European Journal of Pediatrics

, Volume 169, Issue 12, pp 1471–1476 | Cite as

Breastfeeding protects against acute gastroenteritis due to rotavirus in infants

  • Anita Plenge-Bönig
  • Nelís Soto-Ramírez
  • Wilfried KarmausEmail author
  • Gudula Petersen
  • Susan Davis
  • Johannes Forster
Original Paper


To assess whether breastfeeding protects against acute gastroenteritis (AGE) due to rotavirus (RV) infection compared to RV-negative AGE (RV−) in children age 0–12 months. Data from a community-based study of children with AGE from 30 pediatric practices in Germany, Switzerland, and Austria were evaluated. A case–control design was conducted with RV-positive AGE (RV+) cases and RV− AGE as controls. Odds ratios and 95% confidence intervals were estimated using log-linear regression models adjusting for child’s age, family size, number of siblings, child care attendance, and nationality. A total of 1,256 stool samples were collected from infants with AGE; 315 (25%) were RV+ and 941 RV−. Being breastfed in the period of disease inception reduced the risk of AGE due to RV+ (OR, 0.53; 95% CI, 0.37–0.76). In infants 0–6 months of age, the protective effect was stronger (OR, 0.33; 95% CI, 0.19–0.55) than in 7–12-month-old children. Our study adds to the evidence of a protective concurrent effect of breastfeeding against rotavirus infection in infants, particularly in children 6 months and younger. Breastfeeding is important to diminish rotavirus-related gastroenteritis in infants before vaccination can be introduced.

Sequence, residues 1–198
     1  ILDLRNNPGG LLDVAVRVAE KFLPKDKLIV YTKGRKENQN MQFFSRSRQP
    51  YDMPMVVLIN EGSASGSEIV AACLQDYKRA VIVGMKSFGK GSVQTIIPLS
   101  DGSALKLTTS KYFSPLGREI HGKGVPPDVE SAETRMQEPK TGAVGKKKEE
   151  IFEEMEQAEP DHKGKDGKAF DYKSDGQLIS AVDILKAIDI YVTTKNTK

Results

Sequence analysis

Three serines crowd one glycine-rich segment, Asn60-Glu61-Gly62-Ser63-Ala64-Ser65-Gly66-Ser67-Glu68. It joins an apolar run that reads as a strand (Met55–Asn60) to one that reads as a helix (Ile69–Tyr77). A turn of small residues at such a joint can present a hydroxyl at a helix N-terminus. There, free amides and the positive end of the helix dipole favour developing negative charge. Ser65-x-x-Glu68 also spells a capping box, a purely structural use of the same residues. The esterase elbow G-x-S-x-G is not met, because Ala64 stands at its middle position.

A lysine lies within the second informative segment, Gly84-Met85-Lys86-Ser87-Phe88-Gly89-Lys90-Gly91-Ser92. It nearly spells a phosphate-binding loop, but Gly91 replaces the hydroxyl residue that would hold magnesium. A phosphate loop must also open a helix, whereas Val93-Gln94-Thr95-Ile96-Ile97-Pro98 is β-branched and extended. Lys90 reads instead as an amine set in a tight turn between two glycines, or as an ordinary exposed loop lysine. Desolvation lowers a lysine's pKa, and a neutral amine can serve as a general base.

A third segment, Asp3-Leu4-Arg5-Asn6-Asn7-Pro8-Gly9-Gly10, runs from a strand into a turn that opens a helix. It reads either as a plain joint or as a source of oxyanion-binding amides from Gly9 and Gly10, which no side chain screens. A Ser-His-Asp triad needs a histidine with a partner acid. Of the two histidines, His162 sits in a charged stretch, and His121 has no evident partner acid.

Acute gastroenteritis Breastfeeding Rotavirus Infants 



Acute gastrointestinal enteritis


Enzyme-linked immunosorbent assay


Immunoglobulin A


Odds ratio

95% CI

95% confidence interval


Rotavirus negative


Rotavirus positive



This study was sponsored by Wyeth-Pharma, Münster, Germany. We thank Saroochi Agarwal, Alycia Albergottie, Kesinee Hanjangsit, and Olurinde Oni for editing previous versions of this manuscript. We are obliged to patients and parents who consented to take part in this study and the helpful cooperation of practice assistant, without whom this study would not have been feasible.

Conflicts of interest

The authors declare no conflicts of interest.


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Copyright information

© Springer-Verlag 2010

Authors and Affiliations

  • Anita Plenge-Bönig
    • 1
  • Nelís Soto-Ramírez
    • 2
  • Wilfried Karmaus
    • 2
    Email author
  • Gudula Petersen
    • 3
  • Susan Davis
    • 4
  • Johannes Forster
    • 5
  1. 1.Institute for Hygiene and EnvironmentHamburgGermany
  2. 2.Department of EpidemiologyUniversity of South CarolinaColumbiaUSA
  3. 3.Wyeth Pharma GermanyMünsterGermany
  4. 4.Michigan State UniversityEast LansingUSA
  5. 5.St. JosefskrankenhausFreiburgGermany

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